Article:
Thomas Edison was one of the most prolific inventors in American history, yet he said his only true discovery was recorded sound; it wasn’t something he made but something he found.
In 1877 when he invented the phonograph, now known as the record player, he didn’t know what to do with it. All he knew was that he wanted it to be available to everyone.
Though recorded sound has become a consumer product, it also serves a purpose — to be a historical preservation of emotion. Recorded sound can be the soundtrack to a first kiss, a cherished keepsake from a family member or a potential avenue to memories robbed from us by disease.
Every year since 2006, vinyl record sales have increased. Record sales topped CD sales for the first time in 2020.
This recent revival of the record can seem counterintuitive to what we know about technological progress and consumerism. Using a record player is more time-consuming, expensive and less portable than current digital alternatives, but it’s rising in popularity nonetheless.
Nico Sanchez, owner of Black Noise Records, said the vinyl resurgence is a response to the digital music age — the collectability and sentimental value that the records hold is part of what makes vinyl different from more modern technology.
“[Vinyl] represents the value music holds in a space where it seems so disposable now because there's such an abundance of it,” he said.
Sanchez said he first fell in love with records when he began using them for music samples to create beats, and it became an “infatuation.” He’s been collecting records for over 10 years now.
Sanchez saw the need for a curated record shop in Bellingham, and since Black Noise opened in June 2021, the business is thriving despite the COVID-19 pandemic.
“We all love that record shop,” said Christian Danielson, owner of The Cabin Tavern. Danielson said he wants to have a record swap meet at The Cabin, where people can bring records they don’t want anymore and trade.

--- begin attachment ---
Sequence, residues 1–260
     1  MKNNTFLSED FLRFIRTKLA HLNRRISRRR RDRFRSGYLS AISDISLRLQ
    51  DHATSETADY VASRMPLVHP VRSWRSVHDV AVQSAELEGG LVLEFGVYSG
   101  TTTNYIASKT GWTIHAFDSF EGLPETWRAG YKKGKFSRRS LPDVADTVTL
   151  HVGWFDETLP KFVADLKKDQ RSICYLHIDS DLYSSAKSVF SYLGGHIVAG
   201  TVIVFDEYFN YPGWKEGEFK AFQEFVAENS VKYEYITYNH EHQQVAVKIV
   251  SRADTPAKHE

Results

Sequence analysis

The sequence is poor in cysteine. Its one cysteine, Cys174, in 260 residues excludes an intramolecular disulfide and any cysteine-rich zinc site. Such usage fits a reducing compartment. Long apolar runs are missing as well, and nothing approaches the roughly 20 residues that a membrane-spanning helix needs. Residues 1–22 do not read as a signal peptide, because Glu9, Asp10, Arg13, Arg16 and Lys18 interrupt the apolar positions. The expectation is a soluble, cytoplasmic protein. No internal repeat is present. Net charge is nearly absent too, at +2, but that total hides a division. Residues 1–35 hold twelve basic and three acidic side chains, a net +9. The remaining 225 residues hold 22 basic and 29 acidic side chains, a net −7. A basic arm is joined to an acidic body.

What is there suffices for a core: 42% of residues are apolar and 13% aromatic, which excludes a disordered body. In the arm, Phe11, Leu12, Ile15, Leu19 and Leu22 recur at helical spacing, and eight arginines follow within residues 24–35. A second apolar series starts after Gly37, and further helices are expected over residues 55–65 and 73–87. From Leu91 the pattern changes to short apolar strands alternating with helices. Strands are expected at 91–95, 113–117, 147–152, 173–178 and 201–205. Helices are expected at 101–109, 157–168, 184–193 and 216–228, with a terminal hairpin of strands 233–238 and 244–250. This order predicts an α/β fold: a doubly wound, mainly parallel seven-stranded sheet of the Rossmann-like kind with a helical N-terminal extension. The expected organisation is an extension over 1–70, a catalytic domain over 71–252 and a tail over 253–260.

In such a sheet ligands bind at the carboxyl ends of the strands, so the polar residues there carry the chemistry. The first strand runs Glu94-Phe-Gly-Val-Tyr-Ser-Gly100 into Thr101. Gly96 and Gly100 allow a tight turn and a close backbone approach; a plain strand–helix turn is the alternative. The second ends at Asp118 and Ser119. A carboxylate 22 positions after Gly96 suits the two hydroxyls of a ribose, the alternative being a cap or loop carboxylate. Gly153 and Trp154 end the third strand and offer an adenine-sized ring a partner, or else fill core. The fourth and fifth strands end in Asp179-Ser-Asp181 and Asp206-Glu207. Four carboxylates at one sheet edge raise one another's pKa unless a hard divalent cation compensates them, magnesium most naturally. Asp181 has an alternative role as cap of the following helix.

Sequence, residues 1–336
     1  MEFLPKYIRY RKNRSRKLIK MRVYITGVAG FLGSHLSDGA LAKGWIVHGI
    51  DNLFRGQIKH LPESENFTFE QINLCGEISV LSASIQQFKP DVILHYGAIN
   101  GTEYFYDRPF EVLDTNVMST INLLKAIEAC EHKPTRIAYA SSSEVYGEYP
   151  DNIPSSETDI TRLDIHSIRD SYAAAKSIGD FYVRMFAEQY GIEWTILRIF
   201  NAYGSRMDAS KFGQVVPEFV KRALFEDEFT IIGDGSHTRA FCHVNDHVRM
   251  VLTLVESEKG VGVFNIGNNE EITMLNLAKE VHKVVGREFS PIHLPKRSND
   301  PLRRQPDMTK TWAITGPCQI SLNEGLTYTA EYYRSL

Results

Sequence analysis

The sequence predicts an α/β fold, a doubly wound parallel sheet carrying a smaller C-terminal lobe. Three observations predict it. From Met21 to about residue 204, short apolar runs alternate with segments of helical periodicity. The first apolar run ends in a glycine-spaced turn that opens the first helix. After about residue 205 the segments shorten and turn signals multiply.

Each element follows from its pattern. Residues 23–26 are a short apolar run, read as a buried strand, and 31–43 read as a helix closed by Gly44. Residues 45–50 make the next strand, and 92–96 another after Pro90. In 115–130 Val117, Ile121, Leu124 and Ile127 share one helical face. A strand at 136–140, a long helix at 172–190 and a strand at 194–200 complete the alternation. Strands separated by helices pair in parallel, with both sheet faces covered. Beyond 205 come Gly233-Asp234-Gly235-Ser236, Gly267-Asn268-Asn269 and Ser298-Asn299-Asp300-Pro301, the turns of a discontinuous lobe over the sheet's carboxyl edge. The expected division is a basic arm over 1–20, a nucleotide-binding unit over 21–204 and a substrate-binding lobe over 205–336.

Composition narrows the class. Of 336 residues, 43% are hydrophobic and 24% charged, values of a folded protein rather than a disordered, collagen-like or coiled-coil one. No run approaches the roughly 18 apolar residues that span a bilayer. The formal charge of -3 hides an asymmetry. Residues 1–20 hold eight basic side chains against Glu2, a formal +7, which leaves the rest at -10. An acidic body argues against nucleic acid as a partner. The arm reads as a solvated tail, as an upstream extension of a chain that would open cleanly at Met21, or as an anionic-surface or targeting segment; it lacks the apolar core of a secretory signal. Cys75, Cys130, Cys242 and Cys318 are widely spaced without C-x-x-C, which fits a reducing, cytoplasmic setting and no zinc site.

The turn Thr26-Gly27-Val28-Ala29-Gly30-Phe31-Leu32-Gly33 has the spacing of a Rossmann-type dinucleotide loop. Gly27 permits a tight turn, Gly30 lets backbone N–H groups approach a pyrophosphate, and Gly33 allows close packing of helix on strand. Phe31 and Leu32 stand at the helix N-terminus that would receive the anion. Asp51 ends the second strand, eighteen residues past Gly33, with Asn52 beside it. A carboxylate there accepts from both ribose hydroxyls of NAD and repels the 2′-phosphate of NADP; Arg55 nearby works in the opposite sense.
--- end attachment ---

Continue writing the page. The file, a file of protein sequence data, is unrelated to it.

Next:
The Cabin is one of those new “old-school” bars – the jukebox plays 45s and books on tape play in the bathroom. Every Vinyl Tuesday, a DJ brings crates of records and spins for hours.
Danielson said the records spun on any given Tuesday can range from eclectic Martin Denny to punk rock, heavy metal, old country, funk, jazz, blues, alternative and electronic like Kraftwerk or Depeche Mode.
On Tuesday Jan. 18, DJ Platonic was spinning. Turkish groove turned to heroic ballads of a distant time, with powerful strings and drums like running horses, which then turned to bongos of Latin dance.
“We’ve got people in their mid-twenties all the way up to their mid-sixties spinning,” Danielson said. “It’s created a great community of people who like records.”
DJ Platonic, like Danielson and many of the other DJs who showed up that night, was a man with graying hair and a significant record collection. Danielson said Vinyl Tuesday sees diversity, but he wants more.
“I have about six women who spin, but a lot of my female friends need a bit of a push,” Danielson said. “I tell them anyone can do it, and I can easily teach anyone who wants to. We just have guys that would sign up every day of the week if they could.”
DJ Cherry Pick’n, enjoying a dark beer at the bar, remarked on the banjo rendition of O Fortuna. His high school record collection has traveled with him across the country, and when he spins it’s primarily guitar-forward rock from the 60s, 70s and 80s.
Then there’s Shawn Collins, or DJ Shawn Sea, who also spins under the name DJ Alias D when he’s feeling experimental. Collins said he was the first DJ to spin on the very first Vinyl Tuesday.
Collins has a collection of over 400 records. He wonders how much music has been lost from the transition to digital streaming – how many records preserve what can’t be heard elsewhere?
When considering what makes this way of listening to music worth holding onto, Collins summarized it: “Vinyl is intentional.”